If one is reading straight through the book of Genesis, arriving at chapter 17 could easily be seen as a serious letdown. After the delightful and painful narratives of Abram’s boldfaced lies about his wife (Gen.12), after the reiteration of the promise of YHWH in that mysterious scene of smoky fire pot and flaming torch (Gen.15), and after the mess that Sarai makes of the promise of a child to an aging couple that nearly leads to one child’s death and the possible death of his mother (Gen.16), chapter 17 appears on the surface to be merely a priestly concern with the need for circumcision, a much later interest in Israel, necessitated by the loss of king, temple, and land in the Babylonian exile. Circumcision became the sign of the covenant with YHWH, a symbol that separated Israel from the Babylonians who were apparently not practitioners of this act. However, a closer look at the context of the chapter suggests that its placement here has importance to the ongoing tale of the patriarchs and matriarchs of Israel.
The human attempt to solve the problem of childlessness has been nothing less than a complete fiasco. The experience brought out the worst in every character: Sarai became vindictive and oppressive in her fury at the child of her handmaid; Abram was weak and indecisive when his wife demanded the expulsion of Hagar and Ishmael from their camp; Hagar was haughty at the birth of Ishmael, but was finally oppressed and subservient both to Abram and Sarai. It seems obvious that a purely human resolution to the lack of a child will not be possible; that is the context for chapter 17. We desperately need a reiteration of the divine promise for YHWH’s representatives; the mess that Sarai’s and Abram’s plans will not be allowed to impede the plan of YHWH.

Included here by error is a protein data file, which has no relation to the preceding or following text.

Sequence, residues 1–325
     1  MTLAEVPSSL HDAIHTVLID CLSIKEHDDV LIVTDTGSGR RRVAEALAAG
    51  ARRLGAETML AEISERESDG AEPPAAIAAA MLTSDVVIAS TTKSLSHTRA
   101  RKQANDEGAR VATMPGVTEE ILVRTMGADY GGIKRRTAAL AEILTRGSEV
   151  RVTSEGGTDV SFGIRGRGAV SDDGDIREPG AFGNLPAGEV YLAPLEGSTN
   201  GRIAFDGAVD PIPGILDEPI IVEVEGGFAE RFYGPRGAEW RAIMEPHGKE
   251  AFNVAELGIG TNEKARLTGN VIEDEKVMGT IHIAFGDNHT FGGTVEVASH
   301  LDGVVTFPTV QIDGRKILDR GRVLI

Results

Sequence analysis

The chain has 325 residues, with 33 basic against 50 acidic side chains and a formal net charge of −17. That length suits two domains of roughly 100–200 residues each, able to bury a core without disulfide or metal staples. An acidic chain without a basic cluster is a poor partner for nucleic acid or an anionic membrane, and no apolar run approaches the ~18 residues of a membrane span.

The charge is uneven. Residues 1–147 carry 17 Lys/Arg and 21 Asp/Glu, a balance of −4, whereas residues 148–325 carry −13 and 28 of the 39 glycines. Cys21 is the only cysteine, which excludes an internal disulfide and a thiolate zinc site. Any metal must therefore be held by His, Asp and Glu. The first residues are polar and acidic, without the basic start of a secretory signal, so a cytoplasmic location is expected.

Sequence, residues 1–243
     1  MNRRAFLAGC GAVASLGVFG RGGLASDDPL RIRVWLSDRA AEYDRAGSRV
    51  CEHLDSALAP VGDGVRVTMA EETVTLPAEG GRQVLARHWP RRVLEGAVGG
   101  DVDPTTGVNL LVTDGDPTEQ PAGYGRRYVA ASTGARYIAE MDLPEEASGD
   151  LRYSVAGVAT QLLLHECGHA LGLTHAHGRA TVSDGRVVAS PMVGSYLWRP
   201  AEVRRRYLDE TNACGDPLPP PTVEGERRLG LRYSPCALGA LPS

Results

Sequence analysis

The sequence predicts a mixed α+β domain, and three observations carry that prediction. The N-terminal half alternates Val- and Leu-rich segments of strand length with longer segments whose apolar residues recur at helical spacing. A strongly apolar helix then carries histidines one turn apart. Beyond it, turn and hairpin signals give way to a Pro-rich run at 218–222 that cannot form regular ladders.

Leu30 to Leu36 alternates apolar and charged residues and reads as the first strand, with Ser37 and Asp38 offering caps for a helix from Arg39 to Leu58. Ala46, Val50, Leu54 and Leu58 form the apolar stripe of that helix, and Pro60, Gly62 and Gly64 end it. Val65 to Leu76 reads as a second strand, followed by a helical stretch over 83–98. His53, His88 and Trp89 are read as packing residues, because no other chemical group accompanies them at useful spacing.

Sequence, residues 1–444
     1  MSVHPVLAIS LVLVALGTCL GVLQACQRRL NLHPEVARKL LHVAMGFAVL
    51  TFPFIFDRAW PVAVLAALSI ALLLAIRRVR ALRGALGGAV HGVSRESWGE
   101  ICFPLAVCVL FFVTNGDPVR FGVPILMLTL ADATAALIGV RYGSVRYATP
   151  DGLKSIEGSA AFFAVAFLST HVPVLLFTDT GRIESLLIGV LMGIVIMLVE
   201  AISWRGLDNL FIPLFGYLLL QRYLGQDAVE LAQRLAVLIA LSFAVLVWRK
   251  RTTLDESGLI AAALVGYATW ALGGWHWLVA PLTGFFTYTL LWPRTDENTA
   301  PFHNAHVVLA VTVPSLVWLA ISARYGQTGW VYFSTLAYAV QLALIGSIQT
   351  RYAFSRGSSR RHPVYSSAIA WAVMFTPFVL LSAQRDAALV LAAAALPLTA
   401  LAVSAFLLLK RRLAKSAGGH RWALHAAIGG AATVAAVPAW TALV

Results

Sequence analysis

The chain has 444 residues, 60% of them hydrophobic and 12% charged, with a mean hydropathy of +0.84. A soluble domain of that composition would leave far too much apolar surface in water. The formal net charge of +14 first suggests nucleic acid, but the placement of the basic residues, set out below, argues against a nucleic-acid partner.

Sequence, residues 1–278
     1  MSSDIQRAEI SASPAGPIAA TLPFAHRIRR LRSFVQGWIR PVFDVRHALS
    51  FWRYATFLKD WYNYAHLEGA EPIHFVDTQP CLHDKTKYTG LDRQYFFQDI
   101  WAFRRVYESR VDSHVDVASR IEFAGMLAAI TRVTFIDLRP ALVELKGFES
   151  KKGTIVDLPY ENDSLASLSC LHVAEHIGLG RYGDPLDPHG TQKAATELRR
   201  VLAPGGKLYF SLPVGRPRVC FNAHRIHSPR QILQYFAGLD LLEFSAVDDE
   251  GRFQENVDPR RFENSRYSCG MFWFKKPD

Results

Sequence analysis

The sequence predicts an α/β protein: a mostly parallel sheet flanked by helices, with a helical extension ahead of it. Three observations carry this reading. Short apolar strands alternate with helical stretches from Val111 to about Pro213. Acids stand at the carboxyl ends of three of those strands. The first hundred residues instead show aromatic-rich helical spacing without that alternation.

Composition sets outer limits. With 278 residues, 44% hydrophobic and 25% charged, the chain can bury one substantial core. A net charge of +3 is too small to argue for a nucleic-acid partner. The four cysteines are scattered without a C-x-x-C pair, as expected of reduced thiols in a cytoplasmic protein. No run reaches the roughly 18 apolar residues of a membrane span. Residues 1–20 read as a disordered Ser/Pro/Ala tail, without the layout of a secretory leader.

We are told that Abram is now 99 years old, and that Sarai is 90, which should make it abundantly clear to any sensible reader that any possibility that Abram could become the father of a child with Sarai as mother is effectively ruled out. Nevertheless, God appears to Abram again, this time in the person of El Shaddai, who commands the aged man, “Walk before me and be perfect” (Gen.17:1). The actual meaning of this particular divine name has been the object of diverse scholarly attention. It could mean “field,” “mountain” “breast,” or “protective spirit,” depending on which antecedents in the ancient near eastern linguistic contexts are argued to be the true origins of the name. (I admit, as a feminist, that I would love for the word to connote “a God with breasts,” thus offering a possible antidote to the constant references to God as male, but I fear the evidence for such a reading is slight.) Perhaps the most important idea to note concerning this particular divine name is that it usually implies a very ancient reality; this one who is appearing to Abram has been God from of old, the one who is behind the promise for all these years. This ancient God demands that Abram “be perfect” (see Job1:1), and as a result of that perfection God promises to make a covenant with Abram.